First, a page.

Potential apprentices not being awarded any tokens is fairly rare, but does happen. In this case, any member of the tribunal can claim them, even if they have no tokens or have shards. A fair number of these children tend to get claimed by Boustaphan, the local Tremere tribune, on the basis that after they've been rejected by everyone else they can be given a place and purpose in the House (and also, he wants to train a lot of apprentices).
Whilst tokens can be exchanged betweem magi, there are restrictions: the exchange has to be witnessed by a Redcap, and it's forbidden to exchange tokens for vis.
I'd quite like to try a reasonably canonical version of the tribunal, although I'd encourage MTKnife to read at least the relevant sections of the book (mostly chapter 3) before coming to any firm decisions, as there's a fair amount that is non-standard. For example, we should really have started thinking about covenant patrons by now, which is a bugbear for the Tremere (due to the connotations of pagan idolatory). I think there's a lot of flavour there, and I'd like to at least give it a go.
My understanding is the character is good at finding apprentices. I think such a character has a lot going for him in a canonical Theban tribunal. He finds a gifted child and presents them at tribunal, acquires two tokens. He finds 5 potential apprentices and he has 10 tokens. He decides he wants one, he takes one. Being a Bonisagus he has rights within the Code of Hermes that trump the local Peripheral Code. Typically, a Bonisagus will give that apprentice two tokens, even though he doesn't have to. It's customary.
If you find an apprentice that is perfect for you, great. You can likely acquire him at Tribunal, you have a better shot than any other magus who isn't Bonisagus. Once an apprentice has been acquired, there's nothing that prevents you from selling him, either.
So, a character who is good at finding apprentices, and develops them a bit, learning about them, understanding their temperament. He then sells that information to magi looking for apprentices, manipulating the apprentice system. Perhaps the apprentice is promised something outside of tokens to choose the right master. Or perhaps the whole enterprise blows up. So many story opportunities...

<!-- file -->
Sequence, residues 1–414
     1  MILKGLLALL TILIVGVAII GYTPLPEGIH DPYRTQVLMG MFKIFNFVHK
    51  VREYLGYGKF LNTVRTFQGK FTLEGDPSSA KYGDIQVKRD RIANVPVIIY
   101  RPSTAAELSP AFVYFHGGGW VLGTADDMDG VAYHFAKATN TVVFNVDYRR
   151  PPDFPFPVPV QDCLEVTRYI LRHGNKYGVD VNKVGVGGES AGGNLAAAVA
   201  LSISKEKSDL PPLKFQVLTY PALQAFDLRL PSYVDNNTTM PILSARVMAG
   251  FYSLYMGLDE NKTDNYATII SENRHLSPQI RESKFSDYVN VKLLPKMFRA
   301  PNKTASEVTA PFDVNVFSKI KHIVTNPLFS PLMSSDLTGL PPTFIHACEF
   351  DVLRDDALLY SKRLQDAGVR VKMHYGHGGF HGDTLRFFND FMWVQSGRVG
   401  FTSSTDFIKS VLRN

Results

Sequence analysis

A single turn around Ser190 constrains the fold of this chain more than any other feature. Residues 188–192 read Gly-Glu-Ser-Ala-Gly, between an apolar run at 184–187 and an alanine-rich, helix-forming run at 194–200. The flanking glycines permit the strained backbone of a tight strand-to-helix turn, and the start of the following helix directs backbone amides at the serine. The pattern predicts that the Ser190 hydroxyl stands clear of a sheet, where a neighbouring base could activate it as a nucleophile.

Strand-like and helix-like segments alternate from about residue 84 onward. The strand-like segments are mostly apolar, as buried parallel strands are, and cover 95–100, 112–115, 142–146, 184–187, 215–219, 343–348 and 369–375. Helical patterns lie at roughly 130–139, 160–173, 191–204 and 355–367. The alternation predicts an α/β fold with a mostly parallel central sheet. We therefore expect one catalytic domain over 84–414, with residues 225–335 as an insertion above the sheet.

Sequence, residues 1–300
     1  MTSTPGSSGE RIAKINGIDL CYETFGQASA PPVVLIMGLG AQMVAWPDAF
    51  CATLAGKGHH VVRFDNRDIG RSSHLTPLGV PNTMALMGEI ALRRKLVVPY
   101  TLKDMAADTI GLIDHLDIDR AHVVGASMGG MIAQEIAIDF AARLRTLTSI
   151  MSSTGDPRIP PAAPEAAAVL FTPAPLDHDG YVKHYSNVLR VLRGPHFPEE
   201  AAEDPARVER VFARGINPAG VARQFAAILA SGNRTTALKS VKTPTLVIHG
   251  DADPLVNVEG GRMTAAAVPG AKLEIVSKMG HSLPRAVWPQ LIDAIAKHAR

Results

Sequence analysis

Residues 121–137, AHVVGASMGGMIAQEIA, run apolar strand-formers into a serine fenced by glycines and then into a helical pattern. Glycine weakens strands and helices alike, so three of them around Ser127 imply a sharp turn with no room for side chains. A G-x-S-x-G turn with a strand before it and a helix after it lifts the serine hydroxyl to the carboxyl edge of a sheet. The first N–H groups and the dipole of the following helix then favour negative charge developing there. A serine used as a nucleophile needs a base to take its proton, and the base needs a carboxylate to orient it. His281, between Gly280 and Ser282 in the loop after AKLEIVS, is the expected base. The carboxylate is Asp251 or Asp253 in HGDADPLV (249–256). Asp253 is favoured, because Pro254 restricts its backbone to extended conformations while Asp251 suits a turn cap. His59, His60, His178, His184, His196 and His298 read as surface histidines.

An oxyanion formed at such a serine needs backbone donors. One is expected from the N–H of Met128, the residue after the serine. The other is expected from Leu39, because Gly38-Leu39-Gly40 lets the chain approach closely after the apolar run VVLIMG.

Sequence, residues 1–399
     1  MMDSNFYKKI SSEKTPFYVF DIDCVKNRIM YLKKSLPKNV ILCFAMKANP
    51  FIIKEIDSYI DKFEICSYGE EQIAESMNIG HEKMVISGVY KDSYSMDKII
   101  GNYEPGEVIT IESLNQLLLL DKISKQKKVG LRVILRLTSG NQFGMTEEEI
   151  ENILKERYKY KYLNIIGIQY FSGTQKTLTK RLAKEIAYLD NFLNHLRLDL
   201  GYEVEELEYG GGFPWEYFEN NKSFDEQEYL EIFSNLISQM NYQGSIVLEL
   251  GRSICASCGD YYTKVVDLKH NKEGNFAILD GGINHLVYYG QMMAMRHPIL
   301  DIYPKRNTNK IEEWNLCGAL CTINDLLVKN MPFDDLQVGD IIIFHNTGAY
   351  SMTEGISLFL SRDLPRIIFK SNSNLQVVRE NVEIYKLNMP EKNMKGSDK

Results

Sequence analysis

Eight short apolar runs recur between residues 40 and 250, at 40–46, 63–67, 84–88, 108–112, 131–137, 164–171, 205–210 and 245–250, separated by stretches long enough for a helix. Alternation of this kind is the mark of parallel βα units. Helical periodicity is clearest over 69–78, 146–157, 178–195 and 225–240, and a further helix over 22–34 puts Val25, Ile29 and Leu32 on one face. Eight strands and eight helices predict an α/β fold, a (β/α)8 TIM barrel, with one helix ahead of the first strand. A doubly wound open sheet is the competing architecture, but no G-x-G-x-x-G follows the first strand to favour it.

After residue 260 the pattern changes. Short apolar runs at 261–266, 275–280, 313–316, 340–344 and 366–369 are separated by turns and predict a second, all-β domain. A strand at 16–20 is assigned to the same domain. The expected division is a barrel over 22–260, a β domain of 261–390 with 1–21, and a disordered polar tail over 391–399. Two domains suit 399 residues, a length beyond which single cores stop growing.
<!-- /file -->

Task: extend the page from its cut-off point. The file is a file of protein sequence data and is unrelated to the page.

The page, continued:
The whole token system is perhaps being taken out of context. When I said currency, I used language that the book used. Honestly, it's just a means of enforcing socially acceptable behavior amongst the magi. Making them be good citizens of the Tribunal. Some magi could probably care less, and never earn a token or shard. Those who want to extend their lineage by taking an apprentice will likely do much to earn some shards, and then take an apprentice. Perhaps they end up finding two before they can get one. Those are good opportunities for stories.
He can be rewarded, but he may be not as viable as in any other tribunal. This, again, is simple economics. Let's say the apprentice has a certain value, which, for the sake of this discussion, we can express as a number of tokens. One token is paid to the finder, from the tribunal (this is, in effect, a subsidy, since the money isn't coming from either the finder or the new master). There's then an "auction" for the apprentice; it's not clear from the text whether the apprentice gets to keep the token(s) from all the magi who bid, or only from the one he chooses. We'll examine both cases. In the case that the apprentice gets to keep only the token(s) from the winning bidder, that bid will be roughly equal to the apprentice's "market value" (I say "roughly" because the apprentice will also place a value on the sort of training he'll get and how well he expects to be treated). If the winning bid is two or more tokens, the finder will have received only one token of the total value, that is, less than the full value of the apprentice; in the case that the winning bid is zero, the finder gets more than the value, but this seems not to be the typical case. If, on the other hand, the apprentice gets to keep all the tokens, including those from losing bidders, his real value is harder to calculate, because no magus is going to risk the apprentice's full value to buy only a chance of winning him over, but if we factor in the probability of success, the total value of bids should roughly equal the market value of the apprentice. If that's the case, and at least two magi bid at least one token on the apprentice, the finder again gets only a fraction of the total value. One other factor, which would apply in both cases, is that if the finder doesn't get the whole value, there are probably fewer apprentices found in Thebes Tribunal than would otherwise be the case (if the return for some activity is lower than it would otherwise be, people won't invest as much time and effort in it, which is why in the real world price controls never work correctly: if you insist on paying producers less than the product is worth, you end up with a shortage), which will (in a vicious spiral) drive the value of apprentices up even further.
So, it depends on your interpretation of the canon, and a few other assumptions, but there's a very good chance that a specialist apprentice-finder would get more profit looking elsewhere, especially since Thebes isn't the only fringe Tribunal: Novgorod and Levant would be better places to work. The one saving grace is that the finder isn't required to train them the apprentices: the archai give the Gifted children their initial training, or pay someone else to, and given the value of a season of lost lab work a year, that's not going to be cheap. While that takes the burden off the finder, any such fees are likely to be paid in tokens. Indeed, anything the Tribunal wants to get done is likely to be paid for in tokens. Since it can create as many tokens it wants, by fiat (hence the term "fiat currency") we get...inflation, unless something is done to control the supply of tokens (or increase the supply of shards). And since the Tribunal's governors don't have degrees in late-20th-century economics, chances are they won't know what measures to take, and eventually things go boom.